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Sperm to treat cancer

Sperm to treat cancers of the reproductive system
Sperm to treat cancers of the reproductive system

Scientists at the Institute for Integrative Nanosciences in Dresden, Germany have come up with an innovative and potentially effective procedure for treating cancers of the reproductive system in women.

The new approach involves using sperm that’s been loaded with chemotherapy drugs to target cancer cells because of its ability to propel itself through the reproductive tract.

A major challenge for cancer research is to deliver powerful medication to the cancer cell without damaging surrounding healthy cells.

One of the options trialled by researchers was using bacteria as a delivery vehicle given their ability to penetrate the body easily.

However, the problem with this procedure is that inside the body, the immune system often reacted to the bacteria as an invader and attacked destroyed them before they reached their destination.

Sperm on the other hand does not have the same problem as bacteria – it does not get attacked by the immune system because it is coated with glycoproteins which are recognised by all human immune systems.

The technique using sperm involves modification of each individual sperm by first soaking them in a chemotherapy drug, and then covering each sperm in a miniature metal harness coated with an iron solution.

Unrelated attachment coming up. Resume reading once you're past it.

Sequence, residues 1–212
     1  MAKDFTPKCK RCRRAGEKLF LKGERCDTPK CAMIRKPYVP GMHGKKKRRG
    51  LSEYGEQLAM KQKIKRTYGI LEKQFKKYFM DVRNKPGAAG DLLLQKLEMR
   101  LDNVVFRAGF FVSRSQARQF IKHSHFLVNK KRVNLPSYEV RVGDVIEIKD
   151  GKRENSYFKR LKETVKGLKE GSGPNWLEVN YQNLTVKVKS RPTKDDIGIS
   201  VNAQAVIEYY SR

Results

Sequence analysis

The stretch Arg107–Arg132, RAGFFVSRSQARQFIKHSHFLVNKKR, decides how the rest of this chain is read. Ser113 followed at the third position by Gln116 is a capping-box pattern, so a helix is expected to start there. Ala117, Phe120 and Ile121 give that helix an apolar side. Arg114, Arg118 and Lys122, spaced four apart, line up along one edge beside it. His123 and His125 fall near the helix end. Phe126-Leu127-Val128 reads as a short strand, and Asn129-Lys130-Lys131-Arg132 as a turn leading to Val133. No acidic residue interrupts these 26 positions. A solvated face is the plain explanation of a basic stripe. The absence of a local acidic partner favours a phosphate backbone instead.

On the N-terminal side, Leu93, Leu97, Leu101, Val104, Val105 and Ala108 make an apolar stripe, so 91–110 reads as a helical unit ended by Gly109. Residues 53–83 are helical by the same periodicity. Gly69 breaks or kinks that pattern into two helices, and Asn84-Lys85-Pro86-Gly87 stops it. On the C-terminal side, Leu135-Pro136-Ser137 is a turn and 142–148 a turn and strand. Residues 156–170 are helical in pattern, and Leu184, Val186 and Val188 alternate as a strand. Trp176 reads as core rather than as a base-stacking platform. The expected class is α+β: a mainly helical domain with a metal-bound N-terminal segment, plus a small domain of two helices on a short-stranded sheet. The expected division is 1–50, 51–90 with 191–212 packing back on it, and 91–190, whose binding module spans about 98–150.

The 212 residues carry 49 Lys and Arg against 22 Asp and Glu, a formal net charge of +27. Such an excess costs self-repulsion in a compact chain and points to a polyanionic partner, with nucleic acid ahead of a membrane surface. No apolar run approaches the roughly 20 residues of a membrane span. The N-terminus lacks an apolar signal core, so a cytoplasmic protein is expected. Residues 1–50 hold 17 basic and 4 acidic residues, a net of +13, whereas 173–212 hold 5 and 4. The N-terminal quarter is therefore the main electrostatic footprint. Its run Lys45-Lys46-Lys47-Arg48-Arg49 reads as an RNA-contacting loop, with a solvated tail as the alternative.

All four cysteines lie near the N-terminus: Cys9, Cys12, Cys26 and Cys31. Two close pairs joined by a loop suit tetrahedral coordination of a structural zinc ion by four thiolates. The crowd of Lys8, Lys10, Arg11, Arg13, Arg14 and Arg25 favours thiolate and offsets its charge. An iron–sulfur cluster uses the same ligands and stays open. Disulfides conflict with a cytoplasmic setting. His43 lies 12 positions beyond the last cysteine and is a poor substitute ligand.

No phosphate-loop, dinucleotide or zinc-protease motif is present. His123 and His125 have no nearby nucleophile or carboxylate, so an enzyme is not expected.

Inside the vagina the sperm propels itself towards the cervix, while the researchers using ultrasound imaging and a magnet held over the pelvis are able to steer and target the payload because of the iron solution.

The sperm easily penetrates the malignant cells in much the same way that fertilisation occurs a single sperm and egg, and in this situation the sperm’s harness lock on to the cancer cell releasing the drug on impact.

After releasing the drug, the harness is broken down and flushed out of the body.

The lab trials with cancer cells in a dish and bull sperm which is very similar to human sperm demonstrated remarkable accuracy in finding and destroying the cancer cells.

The researchers hope to extend the trials to cancer patients within five years after conducting further experiments with human sperm.

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